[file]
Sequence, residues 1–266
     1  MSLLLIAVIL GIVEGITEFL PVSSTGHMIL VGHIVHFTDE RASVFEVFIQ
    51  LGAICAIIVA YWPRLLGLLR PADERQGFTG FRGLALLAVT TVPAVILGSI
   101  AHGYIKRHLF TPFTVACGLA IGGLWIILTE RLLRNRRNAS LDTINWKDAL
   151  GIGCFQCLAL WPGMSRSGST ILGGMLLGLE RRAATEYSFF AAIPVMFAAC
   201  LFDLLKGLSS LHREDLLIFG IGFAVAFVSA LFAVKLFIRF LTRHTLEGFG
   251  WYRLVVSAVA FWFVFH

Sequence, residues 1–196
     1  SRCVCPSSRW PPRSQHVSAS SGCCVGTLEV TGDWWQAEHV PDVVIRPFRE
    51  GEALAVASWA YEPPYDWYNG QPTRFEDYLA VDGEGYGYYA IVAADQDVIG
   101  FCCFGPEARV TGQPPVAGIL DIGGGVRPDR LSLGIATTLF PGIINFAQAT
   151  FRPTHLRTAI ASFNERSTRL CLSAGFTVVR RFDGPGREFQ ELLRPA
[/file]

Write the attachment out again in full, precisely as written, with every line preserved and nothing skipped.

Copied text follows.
Sequence, residues 1–266
     1  MSLLLIAVIL GIVEGITEFL PVSSTGHMIL VGHIVHFTDE RASVFEVFIQ
    51  LGAICAIIVA YWPRLLGLLR PADERQGFTG FRGLALLAVT TVPAVILGSI
   101  AHGYIKRHLF TPFTVACGLA IGGLWIILTE RLLRNRRNAS LDTINWKDAL
   151  GIGCFQCLAL WPGMSRSGST ILGGMLLGLE RRAATEYSFF AAIPVMFAAC
   201  LFDLLKGLSS LHREDLLIFG IGFAVAFVSA LFAVKLFIRF LTRHTLEGFG
   251  WYRLVVSAVA FWFVFH

Sequence, residues 1–196
     1  SRCVCPSSRW PPRSQHVSAS SGCCVGTLEV TGDWWQAEHV PDVVIRPFRE
    51  GEALAVASWA YEPPYDWYNG QPTRFEDYLA VDGEGYGYYA IVAADQDVIG
   101  FCCFGPEARV TGQPPVAGIL DIGGGVRPDR LSLGIATTLF PGIINFAQAT
   151  FRPTHLRTAI ASFNERSTRL CLSAGFTVVR RFDGPGREFQ ELLRPA